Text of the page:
During the first weeks following the explosion at the Deepwater Horizon well in the Gulf of Mexico, oil drifting from the site of the incident usually headed west and northwest to the Mississippi River Delta. But in the third week of May, currents drew some of the oil southeast. According to the National Oceanic and Atmospheric Administration (NOAA), the southward spread increased the chance that the oil would become mixed up with the Loop Current, which might carry the oil toward Florida and the Keys.
This pair of sea surface temperature images shows how the warm waters of the Loop Current connect the Gulf of Mexico to the Atlantic Ocean (top image, May 1–8, 2010) and the dynamic northern margin of the Loop Current a week and a half later, on May 18 (bottom image). Based on observations of infrared energy collected by the Moderate Resolution Imaging Spectroradiometer (MODIS) on NASA’s Terra satellite, the images show cooler temperatures in blue and purple and warmer temperatures in pink and yellow. Cloudy areas are light gray.
The Loop Current pushes up into the Gulf from the Caribbean Sea. The current’s tropical warmth makes it stand out from the surrounding cooler waters of the Gulf of Mexico in this image. The current loses its northward momentum about mid-way through the gulf, and bends back on itself to flow south. It joins warm waters flowing eastward between Florida and Cuba, which then merge with the Gulf Stream Current on its journey up the East Coast.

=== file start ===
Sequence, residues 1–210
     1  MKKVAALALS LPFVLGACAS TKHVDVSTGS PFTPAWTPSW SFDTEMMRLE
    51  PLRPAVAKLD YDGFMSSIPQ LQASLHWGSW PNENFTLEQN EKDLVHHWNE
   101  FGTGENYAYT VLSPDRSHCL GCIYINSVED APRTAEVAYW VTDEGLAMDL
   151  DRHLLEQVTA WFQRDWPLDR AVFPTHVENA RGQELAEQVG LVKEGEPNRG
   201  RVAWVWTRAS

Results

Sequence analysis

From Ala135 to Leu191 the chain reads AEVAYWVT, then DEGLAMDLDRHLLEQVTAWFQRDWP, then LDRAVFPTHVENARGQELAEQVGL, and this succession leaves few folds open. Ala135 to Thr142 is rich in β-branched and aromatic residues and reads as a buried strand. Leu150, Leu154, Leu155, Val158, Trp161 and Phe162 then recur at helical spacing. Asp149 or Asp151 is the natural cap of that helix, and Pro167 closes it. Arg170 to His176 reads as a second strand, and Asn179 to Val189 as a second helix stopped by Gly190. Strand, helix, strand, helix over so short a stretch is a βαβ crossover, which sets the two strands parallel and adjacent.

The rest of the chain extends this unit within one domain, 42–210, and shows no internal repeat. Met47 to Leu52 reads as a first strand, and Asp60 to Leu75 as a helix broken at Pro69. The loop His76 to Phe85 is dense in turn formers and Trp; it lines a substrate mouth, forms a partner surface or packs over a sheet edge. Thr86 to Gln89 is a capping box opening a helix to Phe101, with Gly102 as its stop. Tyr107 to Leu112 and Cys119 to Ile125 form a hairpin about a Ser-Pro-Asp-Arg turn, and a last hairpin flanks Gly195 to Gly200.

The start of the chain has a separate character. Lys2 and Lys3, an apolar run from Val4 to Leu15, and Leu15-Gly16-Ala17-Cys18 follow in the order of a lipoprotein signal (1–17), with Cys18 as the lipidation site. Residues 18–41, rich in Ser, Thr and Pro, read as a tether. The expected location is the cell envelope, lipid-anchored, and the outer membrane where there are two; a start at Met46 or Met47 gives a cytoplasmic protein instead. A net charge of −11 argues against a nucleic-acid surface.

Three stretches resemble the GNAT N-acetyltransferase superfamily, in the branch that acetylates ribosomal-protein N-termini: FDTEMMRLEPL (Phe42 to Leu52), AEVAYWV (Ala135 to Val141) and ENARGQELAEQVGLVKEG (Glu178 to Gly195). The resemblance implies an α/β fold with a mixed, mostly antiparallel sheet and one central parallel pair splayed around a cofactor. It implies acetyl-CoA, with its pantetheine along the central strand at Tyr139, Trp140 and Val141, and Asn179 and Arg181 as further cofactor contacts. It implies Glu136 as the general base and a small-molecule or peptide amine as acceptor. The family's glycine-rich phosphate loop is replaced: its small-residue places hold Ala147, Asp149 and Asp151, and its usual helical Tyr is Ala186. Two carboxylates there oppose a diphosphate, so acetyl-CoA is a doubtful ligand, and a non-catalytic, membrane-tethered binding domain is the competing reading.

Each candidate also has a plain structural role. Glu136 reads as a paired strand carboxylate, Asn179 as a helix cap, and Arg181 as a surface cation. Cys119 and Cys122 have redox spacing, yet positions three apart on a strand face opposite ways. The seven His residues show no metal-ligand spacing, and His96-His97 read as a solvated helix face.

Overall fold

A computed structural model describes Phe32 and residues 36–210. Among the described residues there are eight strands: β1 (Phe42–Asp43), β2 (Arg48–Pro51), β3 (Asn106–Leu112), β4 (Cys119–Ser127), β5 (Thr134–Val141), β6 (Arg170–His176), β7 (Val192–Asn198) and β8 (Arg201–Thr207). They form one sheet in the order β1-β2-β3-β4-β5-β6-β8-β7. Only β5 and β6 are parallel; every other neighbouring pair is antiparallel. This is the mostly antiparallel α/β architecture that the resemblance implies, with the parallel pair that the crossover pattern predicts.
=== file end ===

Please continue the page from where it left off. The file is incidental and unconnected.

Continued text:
At a May 18 press conference, NOAA reported that “satellite imagery on May 17 indicates that the main bulk of the oil is dozens of miles away from the Loop Current, but that a tendril of light oil has been transported down close to the Loop Current. NOAA is conducting aerial observations today to determine with certainty whether oil has actually entered the Loop Currentâ€¦. The proximity of the southeast tendril of oil to the Loop Current indicates that oil is increasingly likely to become entrained.”
The bottom image shows the location of the leaking well and the approximate location of the southern arm of the oil slick on May 17 (based on natural-color MODIS imagery). Oil was very close to the Loop Current, whose warm waters appear in yellow near the bottom of the image. However, there is also an eddy of cooler water (purple) circulating counterclockwise at the top of the Loop Current. According to NOAA, “Some amount of any oil drawn into the Loop Current would likely remain in the eddy, heading to the northeast, and some would enter the main Loop Current, where it might eventually head to the Florida Strait.”
Updated, May 20: In a web posting, NOAA’s Office of Response and Restoration confirmed that "a small portion of the oil slick has reached the Loop Current in the form of light to very light sheens.”
This pair of sea surface temperature images shows how the warm waters of the Loop Current connect the Gulf of Mexico to the Atlantic Ocean and the dynamic northern margin of the current on May 18. On May 18, NOAA reported that oil was very close to, and perhaps already entrained in, the Loop Current.